Pediatric ECG`s - Calgary Emergency Medicine

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Transcript Pediatric ECG`s - Calgary Emergency Medicine

Pediatric ECG’s

Christine Kennedy EM Rounds May 20, 2010

Objectives

• Highlight normal findings on a Pediatric ECG – T waves – Q waves – ST segments • Identify some key abnormal findings on a Pediatric ECG (case examples)

Normal Findings

T waves

2 week male with ?Apparent Life Threatening Event

Inverted T waves in V1

Take home point #1

T waves

• Newborn (week 1): – may be either inverted or upright in V1 • Between 8 days & 8 years – Should be inverted in V1 (if not = RVH)

Normal Findings

Q waves

1-year-old male, asymptomatic, Mom told that child has a murmur

Q waves in inferior/lat leads

Take home point #2

Q waves

• Q waves are normal in II, III, aVF, V5 & V6 – Absence of Q wave: suspect a VSD • Amplitude of accepted Q wave varies with age – Use lead III as reference • 6 months: up to 7 mm • 12 months: up to 5 mm • 8 years: up to 3 mm

8 year old boy referred for an irregular heart rhythm

•Sinus rhythm •Varied heart rate

Take home point #3

Sinus Arrhythmia

• Very common in children ages 2-10 • Normal variant – Associated with increased vagal tone • Need to have normal P wave morphology and normal PR intervals*

11 year old male with chest pain

Sinus rhythm, rate 60 ST elevation I, II, V2-6

Take home point #4

ST elevation

• Early Repolarization – Normal Variant, common in adolescents – ST elevation <25% of T wave height – Symmetric T waves

Now for some abnormal ECG’s

3-year-old girl referred with systolic murmur

rsR’ in V1

Take home point #5

RSR’

• If R’>R in V1 – Suspect RVH – 25% chance of having ASD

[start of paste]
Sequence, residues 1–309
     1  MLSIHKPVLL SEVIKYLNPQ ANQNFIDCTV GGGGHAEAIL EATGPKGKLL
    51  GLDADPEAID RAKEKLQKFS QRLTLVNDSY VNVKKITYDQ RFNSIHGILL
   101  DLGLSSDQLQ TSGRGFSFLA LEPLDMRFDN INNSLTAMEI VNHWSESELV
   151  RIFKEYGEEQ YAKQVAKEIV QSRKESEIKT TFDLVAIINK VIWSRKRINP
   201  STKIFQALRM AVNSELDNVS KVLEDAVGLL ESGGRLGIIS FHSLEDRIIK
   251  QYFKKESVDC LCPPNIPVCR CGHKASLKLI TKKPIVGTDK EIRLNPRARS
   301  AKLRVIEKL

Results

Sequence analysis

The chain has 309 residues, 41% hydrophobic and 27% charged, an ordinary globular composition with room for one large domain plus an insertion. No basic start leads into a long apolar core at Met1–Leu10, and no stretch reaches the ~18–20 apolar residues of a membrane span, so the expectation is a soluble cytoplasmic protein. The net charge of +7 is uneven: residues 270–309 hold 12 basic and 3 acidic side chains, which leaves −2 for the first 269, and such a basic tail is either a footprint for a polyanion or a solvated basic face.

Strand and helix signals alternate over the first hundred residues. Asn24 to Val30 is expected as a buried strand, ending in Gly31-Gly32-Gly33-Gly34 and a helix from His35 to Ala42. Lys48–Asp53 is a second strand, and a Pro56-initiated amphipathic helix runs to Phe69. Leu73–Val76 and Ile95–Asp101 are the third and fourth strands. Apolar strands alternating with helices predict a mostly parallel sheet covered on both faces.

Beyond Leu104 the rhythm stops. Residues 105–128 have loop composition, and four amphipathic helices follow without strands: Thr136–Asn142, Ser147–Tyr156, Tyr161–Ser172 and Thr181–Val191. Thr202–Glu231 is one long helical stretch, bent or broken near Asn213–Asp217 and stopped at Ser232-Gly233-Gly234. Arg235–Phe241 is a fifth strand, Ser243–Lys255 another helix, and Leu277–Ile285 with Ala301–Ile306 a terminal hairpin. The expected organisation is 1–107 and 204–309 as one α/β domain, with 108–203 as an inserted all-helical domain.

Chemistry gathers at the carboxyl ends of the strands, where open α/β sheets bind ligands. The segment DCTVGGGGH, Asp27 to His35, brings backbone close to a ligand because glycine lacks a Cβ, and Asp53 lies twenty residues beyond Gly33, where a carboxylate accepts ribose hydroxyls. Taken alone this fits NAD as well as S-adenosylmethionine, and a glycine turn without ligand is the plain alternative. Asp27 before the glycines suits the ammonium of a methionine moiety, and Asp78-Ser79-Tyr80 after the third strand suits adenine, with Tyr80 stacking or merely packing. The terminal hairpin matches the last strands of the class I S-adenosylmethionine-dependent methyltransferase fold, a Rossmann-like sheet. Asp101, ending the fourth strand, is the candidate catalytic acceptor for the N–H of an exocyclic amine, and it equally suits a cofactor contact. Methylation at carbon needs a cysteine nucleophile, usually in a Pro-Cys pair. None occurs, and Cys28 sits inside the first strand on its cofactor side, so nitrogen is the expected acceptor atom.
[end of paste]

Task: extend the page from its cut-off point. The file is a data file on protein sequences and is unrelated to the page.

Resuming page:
8 week male with tachypnea

Left axis deviation [30-135] RVH: S in V6 >10 [0-10], Q wave in V1 LVH: R in V6 >21 [5-21], Q wave >4mm in V6

Left axis deviation RVH: S in V6 >10 [0-10] LVH: R in V6 >21 [5-21]

AVSD

Take home point #6

Left Axis Deviation

• LAD in first couple of months: suspect AVSD

9 year old male with loud systolic murmur at LUSB

Axis +130 Pure R in V1 S in V6>4 mm

Axis +130 Pure R in V1 S in V6>4 mm

Pulmonary Stenosis

Take home point #7

RVH • RV dominance & RAD in first couple months of life is normal – Large amplitude R waves in V1, small amplitude R waves in V5 & V6 • By 5-7 years – Expect more “adult norms” for R waves • R in V1: 0-14 • R in V6: 4-25 (4-21 by 16 years)

4-month-old infant with wheezing and cardiomegaly

ST elevation in V1-3, 5, V3R, V4R Inverted T waves in V5-6

ALCAPA

Anomalous Left Coronary Artery from the Pulmonary Artery

Take home point #8

ST elevation

• Children do get ischemia – If child is irritable with a history of recurrent wheeze/cough and ST elevation is present, consider ALCAPA

Summary

1. T waves • Should be inverted in V1 years (if not = RVH) between 8 days & 8 2. Q waves • • Normal in II, III, aVF, V5 & V6 Absence of Q wave: suspect a VSD 3. Sinus Arrhythmia • • Very common in children Look for normal P wave morphology & PR interval

Summary

4. Early Repolarization • Normal Variant, common in adolescents • ST elevation <25% of T wave height 5. RSR’ • If R’>R in V1, suspect RVH – 25% chance of having ASD 6. Left axis deviation • If present in first couple of months: suspect AVSD

Summary

7. RV dominance & RAD • Normal in first couple months of life 8. Children do get ischemia • If child is irritable with a history of recurrent wheeze/cough and ST elevation is present, consider ALCAPA

Table of LVH/RVH criteria

Table of Normals

References

• Pediatric ECG Interpretation-An Illustrative Guide. B.J. Deal, C.L. Johnsrude, S.H. Buck.

• The Pediatric ECG. G.Q. Sharieff, S.O. Rao. Emerg Med Clin N Am 24 (2006). 195-208.

Other Pearls

• PR interval short at birth (0.08-0.15), increases with increasing muscle mass • QRS shorter – Abnormal If >0.08 in children <8 years • LVH – LV strain in V5&V6 (flipped T’s), mature precordial R wave progression in newborn • Sinus tachycardia – When febrile, expect HR to increase by 10 for every degree elevation in temperature